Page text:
Right to Public Services Act in Pakistan: The Path to Accountability, Transparency and Action
The Right to Public Services Act passed in January 2014 in Khyber Pakhtunkhwa in Pakistan promises provision of time bound services to its citizens and attempts to raise service delivery standards and responsiveness of the service providers and implement effective enforcement mechanisms.
GULBAZ ALI KHAN
Public Laws: Introduction
Guaranteeing time-bound public service delivery has shown encouraging impacts in countries where laws have been enacted to promote transparency and accountability. There are examples from history on the implementation of Public laws like that of United Kindom to suggest affirmative results. In UK, when John Major introduced reforms in 1991 known as Citizen Charter, it allowed service users to receive services under a mutual agreement. It raised service delivery standards and responsiveness of the service provider. The debate generated around weak service delivery and usefulness in UK, led the House of Commons to publish its 2007-08 report on ‘Public Services: Putting People First’. It recommended clear, precise and enforceable statements of entitlements through public service guarantees. Thus, the administrative guarantees got converted into legal rights.
The Citizen Charter movement from the UK spread across the globe and to different countries, including Belgium (1992), Canada (1995), Australia (1997) and India (1997). This has led to countries adopting a rights based approach of guaranteeing time bound public services.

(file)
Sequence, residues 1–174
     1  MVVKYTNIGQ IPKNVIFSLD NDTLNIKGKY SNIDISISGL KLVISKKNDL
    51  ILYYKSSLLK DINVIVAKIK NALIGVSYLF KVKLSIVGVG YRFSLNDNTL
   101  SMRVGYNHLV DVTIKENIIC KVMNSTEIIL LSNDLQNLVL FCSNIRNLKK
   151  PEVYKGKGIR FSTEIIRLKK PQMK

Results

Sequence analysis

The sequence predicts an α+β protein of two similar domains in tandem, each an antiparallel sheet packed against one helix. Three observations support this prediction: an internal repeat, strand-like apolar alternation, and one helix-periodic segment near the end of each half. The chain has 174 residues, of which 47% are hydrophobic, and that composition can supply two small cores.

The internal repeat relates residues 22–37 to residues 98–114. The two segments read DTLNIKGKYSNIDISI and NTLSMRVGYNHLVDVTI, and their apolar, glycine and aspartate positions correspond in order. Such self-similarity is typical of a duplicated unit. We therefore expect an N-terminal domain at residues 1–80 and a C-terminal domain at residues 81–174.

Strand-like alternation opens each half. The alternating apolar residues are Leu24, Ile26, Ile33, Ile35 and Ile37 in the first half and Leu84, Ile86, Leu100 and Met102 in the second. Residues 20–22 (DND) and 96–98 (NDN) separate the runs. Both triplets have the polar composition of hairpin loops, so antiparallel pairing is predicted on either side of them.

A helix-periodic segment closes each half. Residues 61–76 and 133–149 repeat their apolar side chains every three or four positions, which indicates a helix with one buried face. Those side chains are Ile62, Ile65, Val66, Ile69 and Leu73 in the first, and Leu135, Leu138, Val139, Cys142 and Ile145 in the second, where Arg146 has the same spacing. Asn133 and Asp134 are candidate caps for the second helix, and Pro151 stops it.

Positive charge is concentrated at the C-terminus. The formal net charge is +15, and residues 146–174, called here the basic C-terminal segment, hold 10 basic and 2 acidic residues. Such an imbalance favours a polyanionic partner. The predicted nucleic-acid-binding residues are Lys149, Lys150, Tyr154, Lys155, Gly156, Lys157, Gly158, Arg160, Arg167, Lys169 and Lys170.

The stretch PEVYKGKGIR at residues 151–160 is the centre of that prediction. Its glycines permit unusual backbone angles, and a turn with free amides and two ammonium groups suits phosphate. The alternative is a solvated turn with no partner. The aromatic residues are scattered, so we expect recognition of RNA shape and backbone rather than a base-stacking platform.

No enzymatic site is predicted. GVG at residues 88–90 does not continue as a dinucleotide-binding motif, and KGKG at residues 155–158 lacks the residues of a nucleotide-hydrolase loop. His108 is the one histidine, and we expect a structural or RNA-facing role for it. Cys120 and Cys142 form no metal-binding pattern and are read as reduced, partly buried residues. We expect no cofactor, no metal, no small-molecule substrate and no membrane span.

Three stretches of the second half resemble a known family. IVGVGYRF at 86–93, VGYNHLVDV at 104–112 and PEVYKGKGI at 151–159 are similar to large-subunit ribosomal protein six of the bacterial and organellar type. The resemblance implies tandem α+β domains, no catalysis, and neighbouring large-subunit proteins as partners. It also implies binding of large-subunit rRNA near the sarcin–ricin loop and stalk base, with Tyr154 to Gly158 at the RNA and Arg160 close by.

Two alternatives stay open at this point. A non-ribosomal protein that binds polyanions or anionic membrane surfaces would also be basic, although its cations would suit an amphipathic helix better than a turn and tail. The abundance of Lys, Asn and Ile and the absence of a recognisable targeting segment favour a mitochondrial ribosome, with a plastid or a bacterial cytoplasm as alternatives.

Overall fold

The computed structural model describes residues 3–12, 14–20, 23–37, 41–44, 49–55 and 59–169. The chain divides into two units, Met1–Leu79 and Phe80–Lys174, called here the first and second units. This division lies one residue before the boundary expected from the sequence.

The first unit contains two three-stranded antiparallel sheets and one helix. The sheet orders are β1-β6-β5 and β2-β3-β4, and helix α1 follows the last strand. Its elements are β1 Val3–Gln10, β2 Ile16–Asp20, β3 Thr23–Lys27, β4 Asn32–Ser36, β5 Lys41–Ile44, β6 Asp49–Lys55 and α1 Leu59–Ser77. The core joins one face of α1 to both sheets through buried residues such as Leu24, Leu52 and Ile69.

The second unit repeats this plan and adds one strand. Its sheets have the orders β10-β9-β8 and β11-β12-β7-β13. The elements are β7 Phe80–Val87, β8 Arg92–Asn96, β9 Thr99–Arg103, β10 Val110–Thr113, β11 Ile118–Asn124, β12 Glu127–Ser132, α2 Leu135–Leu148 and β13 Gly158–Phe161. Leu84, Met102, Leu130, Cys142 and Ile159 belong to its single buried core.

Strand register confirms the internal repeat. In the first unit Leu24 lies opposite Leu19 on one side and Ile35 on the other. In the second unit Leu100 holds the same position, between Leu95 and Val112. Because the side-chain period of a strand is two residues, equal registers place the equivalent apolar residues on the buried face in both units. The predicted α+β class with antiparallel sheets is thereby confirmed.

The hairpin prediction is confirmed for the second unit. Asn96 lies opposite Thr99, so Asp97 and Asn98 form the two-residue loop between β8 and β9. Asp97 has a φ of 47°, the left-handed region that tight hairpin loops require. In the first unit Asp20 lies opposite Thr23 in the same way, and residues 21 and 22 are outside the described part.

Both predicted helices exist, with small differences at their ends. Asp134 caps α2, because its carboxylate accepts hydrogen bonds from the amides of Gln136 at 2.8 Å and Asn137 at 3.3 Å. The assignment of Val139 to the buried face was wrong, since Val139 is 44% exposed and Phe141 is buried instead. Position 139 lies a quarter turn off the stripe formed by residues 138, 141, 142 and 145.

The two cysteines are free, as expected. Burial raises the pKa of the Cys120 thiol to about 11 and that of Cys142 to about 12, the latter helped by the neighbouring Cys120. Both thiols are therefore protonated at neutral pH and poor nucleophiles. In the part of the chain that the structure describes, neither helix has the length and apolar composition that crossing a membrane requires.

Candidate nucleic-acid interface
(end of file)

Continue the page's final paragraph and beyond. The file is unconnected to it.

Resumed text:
The Indian state of Madhya Pradesh is the first state in South Asia to enact and implement various public service provision departments. This enactment was followed by successive legislations in almost 19 states of India, under which various public services are enlisted for effective and timely delivery.
In Pakistan, a big change came in electioneering slogans, where transparency, accountability, and good governance were mentioned as pivots to the well-being of the general masses.
The Right to Public Services Act passed in January 2014 provides time-bound public services to residents of Khyber Pakhtunkhwa, strictly imposes penalties on government functionaries for not providing services within a stipulated time.
Most of the political parties adopted slogans, which highlighted in their political manifestos the importance of good governance and reforms. The efforts towards devolution of powers brought about by the parliament through the 18th Amendment added strength to these political slogans.